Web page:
California is one of the hardest-hit states when it comes to coronavirus with more than 200,000 total cases. Data scientists seeking ways to help the state reopen the economy participated in a two-week 2020 COVID-19 Computational Challenge (CCC) in mid-June.
The challenge was to provide guidance for risk mitigation for Los Angeles County. Additionally, the solution “must incorporate the ethical protection of individual data and respect data privacy norms.”
The winning teams revealed location-based COVID-19 exposure at different L.A. communities, developed apps for people to calculate their potential for infection, and delivered applicable data-driven recommendations along with L.A.’s reopening stages, officials said.
Of the 66 data science teams worldwide (comprising a total of 405 contestants) which entered, six projects were chosen by a panel of judges from the City of Los Angeles, L.A. County Department of Public Health, the L.A. Chamber of Commerce, and academia.
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The event was co-hosted by the Global Association of Research Methods and Data Science (RMDS) Lab, which will compile the winners’ findings to deploy a web-based risk assessment app and an alert system to serve the public. The development is much needed as the coronavirus infection numbers in Los Angeles County and California are skyrocketing this week: As of June 28, L.A. County reported 100,417 confirmed cases and 3,325 deaths, and California reported 217,000 confirmed cases and 5,937 deaths.
The chosen ones
First place: Team USC-ANRG from the University of Southern California Viterbi School of Engineering—risk estimation using SIR, a simplified color-coded risk level for each community. The risk score corresponds to the probability of a healthy person becoming infected by COVID-19 in the future.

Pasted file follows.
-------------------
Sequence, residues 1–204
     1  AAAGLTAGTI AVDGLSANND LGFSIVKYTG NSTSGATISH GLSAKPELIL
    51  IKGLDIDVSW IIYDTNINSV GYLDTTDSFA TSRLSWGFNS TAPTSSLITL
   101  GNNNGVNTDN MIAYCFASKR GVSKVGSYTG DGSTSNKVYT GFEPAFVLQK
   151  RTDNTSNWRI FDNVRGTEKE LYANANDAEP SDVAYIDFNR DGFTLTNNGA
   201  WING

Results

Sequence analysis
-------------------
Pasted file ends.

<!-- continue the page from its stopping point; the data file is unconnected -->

Second place: was shared by three teams (project names are between parentheses)
Team DSO from the USC Department of Data Sciences and Operations (“DSO Infection and Risk Scores”), which predicted where and when the risk of contracting COVID-19 is highest, by predicting the number of new infections in a specific neighborhood on a given day. Basically, it estimates which area/neighborhood presents a higher risk of contracting the coronavirus.
Team RPI Solver from Rensselaer Polytechnic Institute (“Location-based risk score for places in the city of L.A.,” which developed a mathematical model to evaluate the location-based risk in L.A., with data from SafeGraph and open-data portals, and generated risk scores for 30,864 different places, such as grocery and clothing stores, gas stations, and more.
Team Contemporary Li from Zhejiang University (“City of L.A. re-open risk evaluation”)
assessed the risk index of COVID-19 infection in L.A. at different stages of the reopening process by building a multi-indicator evaluation system, as well as proposed epidemic prevention recommendations for the government and communities of L.A.
Best application: Team The Padron Peppers from Grinnell College (COVID-19 activity risk calculator), which studied socioeconomic disparities across L.A. County neighborhoods and how they may have been/be a factor in the spread of the coronavirus based on positive test results. It evaluates the risk of leaving home, based on a personal-risk profile, a neighborhood-based risk profile, and activity based on risk profile.
Rising star in data science: Team HDMA from the Center for Human Dynamics in the Mobile Age used “population, case rate, death rate, and elderly population to determine risk scores of L.A. County neighborhoods” to make a projection for the total deaths and infections for L.A. County in the coming weeks. The risk scores found can extrapolate if a neighborhood will have an above or below average death and case total in the coming weeks.
Support for the competition
The CCC was supported by SafeGraph, Snowflake, UCLA Computational Medicine, Esri, Gartner, Mastercard, and the L.A. County Department of Public Health on open data sources, public health policies, epidemiology, COVID risk scoring examples, data ethics, as well as the business perspective on how to create and utilize this risk score.
Winners received cash prizes of more than $3,000, as well as consideration for internship positions at the City of Los Angeles, UCLA Computational Medicine, and other partner organizations.
In addition, they will have one-on-one mentorship with data executives, a recommendation of a technical report for publishing at Harvard Data Science Review magazine, certificates for winners and contestants who make a complete submission, and an invitation to present at IM Data 2020.